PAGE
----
sin d = cos a X sin c Logarithms log. cos a(43° 49' 41") = 9.858 1889 " sin c(i3° 59/ 02") = 9 383 1851 " sin d( 100 o2/ 23") = 9 241 3740 sin b -|- e — sin a -j— cos d log. sin a(43° 49/41" ) = 9.840 4176 " cos d( io° 02/ 23") = 9.993 2983 log. sin b + e(44° 41' 25.5") = 9.847 1 193 cos f = cos d X cos c log. cos d( io° o2/ 23") = 9.993 2983 " cos e( 6° Q3/ 50.1" )= 9.997 5632 " cos f(u° 42' 46") = 9.990 8615









42' 46" = 702.7657

i' = 1.15t 553 miles-

log. 702 765' = 2.846 8101 log. 1.151 553 "dies = 0.061 2839 log. 809.27 = 2.908 0940

Distance = 809.27 miles N

When an aeronaut can find on a good map the place where he ascends and lauds, he can measure their latitude and longitude from the map and can compute the exact length of his trip by the above method. Anyone can take a book of logarithms and pick out those which correspond with the angles or numbers used. Then nothing is done but to add or subtract them. The angle or number corresponding with this sum or difference can also be found in the book of logarithms very readily.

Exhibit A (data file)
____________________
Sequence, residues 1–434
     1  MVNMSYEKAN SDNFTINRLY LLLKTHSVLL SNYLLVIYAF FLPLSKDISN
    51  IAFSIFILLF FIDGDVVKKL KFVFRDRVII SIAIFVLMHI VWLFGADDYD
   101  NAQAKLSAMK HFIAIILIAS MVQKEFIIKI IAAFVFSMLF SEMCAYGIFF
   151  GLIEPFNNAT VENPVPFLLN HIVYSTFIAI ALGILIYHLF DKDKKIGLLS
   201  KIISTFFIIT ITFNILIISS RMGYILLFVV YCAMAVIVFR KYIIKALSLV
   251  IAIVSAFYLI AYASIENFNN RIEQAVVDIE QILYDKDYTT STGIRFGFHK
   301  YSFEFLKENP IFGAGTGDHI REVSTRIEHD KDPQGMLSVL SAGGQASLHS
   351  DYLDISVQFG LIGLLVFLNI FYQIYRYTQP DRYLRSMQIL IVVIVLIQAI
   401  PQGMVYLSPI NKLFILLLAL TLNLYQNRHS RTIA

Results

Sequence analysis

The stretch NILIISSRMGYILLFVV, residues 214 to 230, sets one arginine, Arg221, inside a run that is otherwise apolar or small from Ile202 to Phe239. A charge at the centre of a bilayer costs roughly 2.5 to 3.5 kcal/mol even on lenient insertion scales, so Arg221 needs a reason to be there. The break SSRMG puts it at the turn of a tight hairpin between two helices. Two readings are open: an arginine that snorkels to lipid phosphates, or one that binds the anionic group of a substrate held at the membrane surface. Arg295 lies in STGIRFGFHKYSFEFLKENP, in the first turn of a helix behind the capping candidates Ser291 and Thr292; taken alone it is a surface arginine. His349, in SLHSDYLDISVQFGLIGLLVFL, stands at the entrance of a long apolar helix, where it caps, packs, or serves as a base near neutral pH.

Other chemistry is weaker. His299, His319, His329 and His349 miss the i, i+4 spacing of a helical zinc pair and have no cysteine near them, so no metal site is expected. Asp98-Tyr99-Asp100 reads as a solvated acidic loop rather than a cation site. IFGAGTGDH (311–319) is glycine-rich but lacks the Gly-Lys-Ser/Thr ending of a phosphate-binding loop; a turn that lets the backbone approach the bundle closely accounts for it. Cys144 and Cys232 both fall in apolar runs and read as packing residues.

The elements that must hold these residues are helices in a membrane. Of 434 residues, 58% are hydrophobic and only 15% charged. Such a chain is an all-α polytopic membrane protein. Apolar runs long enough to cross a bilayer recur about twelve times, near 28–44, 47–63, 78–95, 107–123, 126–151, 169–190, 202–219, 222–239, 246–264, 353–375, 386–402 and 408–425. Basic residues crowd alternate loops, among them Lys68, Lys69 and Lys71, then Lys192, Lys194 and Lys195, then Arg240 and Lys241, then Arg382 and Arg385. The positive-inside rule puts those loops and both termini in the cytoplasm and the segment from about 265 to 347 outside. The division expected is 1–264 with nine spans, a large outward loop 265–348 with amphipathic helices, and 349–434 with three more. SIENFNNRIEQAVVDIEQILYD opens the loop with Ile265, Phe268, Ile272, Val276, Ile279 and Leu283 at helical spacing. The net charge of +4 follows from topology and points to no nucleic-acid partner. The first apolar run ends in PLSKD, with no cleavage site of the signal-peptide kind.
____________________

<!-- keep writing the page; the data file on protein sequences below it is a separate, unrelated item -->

* Erbsloh's record in the Gordon Bennett at St. Louis was 872 25 miles ; Leblanc's was 866.87 miles.—Editor. 4

I- > • ; '

The new German military dirigible under construction after the semi-rigid system of Major Gross is now finished. The length is 65 meters, and the capacity 4,500 cubic meters. The Chancellor of the Empire, Prince von Buelow, was to have attended the first ascension on May 16th, but at the last moment gave it up. A strong wind prevented manoeuvring and the ascension lasted but 20 minutes, above the Lake of Tegel. The old German military balloon made an ascent of half an hour.


May 6. Omitted from the June number. N. H. Arnold, Leo Stevens and Harry J. Hewat left North Adams in the North Adams No. i. 35,000, at 1:22 p. m., landing at Quaker Springs, N. Y., at 2:55 p. m. Distance 49 miles in 1 hour 34 minutes.

May 12. Omitted from June number. N. H. Arnold, Arthur D. Potter and James McClellan left North Adams in the North Adams No. 1. 35,000, at 11:20 a.m., landing at 11:53 at Halifax, Vt. Only two bags of ballast were taken. The balloon thrashed about in the gale for 28 minutes after being rigged before it could be released. Distance , 28 miles in 33 minutes. Average speed 50.9 miles per hour.

June 1. G. L. Bumbaugh, C. A. Coey and C. H. Leichleiter in the Chicago 110,000 cubic feet, left Quincy, Ills., at 6:05 p.m. and landed in Deuel County, S. D., about